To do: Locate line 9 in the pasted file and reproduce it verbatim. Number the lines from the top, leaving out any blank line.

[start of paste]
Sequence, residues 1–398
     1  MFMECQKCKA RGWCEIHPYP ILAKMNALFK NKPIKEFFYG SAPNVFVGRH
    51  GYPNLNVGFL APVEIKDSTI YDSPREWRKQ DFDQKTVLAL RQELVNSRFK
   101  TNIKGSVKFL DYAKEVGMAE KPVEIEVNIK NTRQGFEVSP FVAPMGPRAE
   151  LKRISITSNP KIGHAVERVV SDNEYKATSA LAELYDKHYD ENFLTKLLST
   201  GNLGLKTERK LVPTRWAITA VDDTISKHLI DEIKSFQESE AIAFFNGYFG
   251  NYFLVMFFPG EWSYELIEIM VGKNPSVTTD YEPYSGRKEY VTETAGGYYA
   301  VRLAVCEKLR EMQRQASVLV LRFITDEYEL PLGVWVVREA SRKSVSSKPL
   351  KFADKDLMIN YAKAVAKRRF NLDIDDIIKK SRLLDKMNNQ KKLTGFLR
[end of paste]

   351  KFADKDLMIN YAKAVAKRRF NLDIDDIIKK SRLLDKMNNQ KKLTGFLR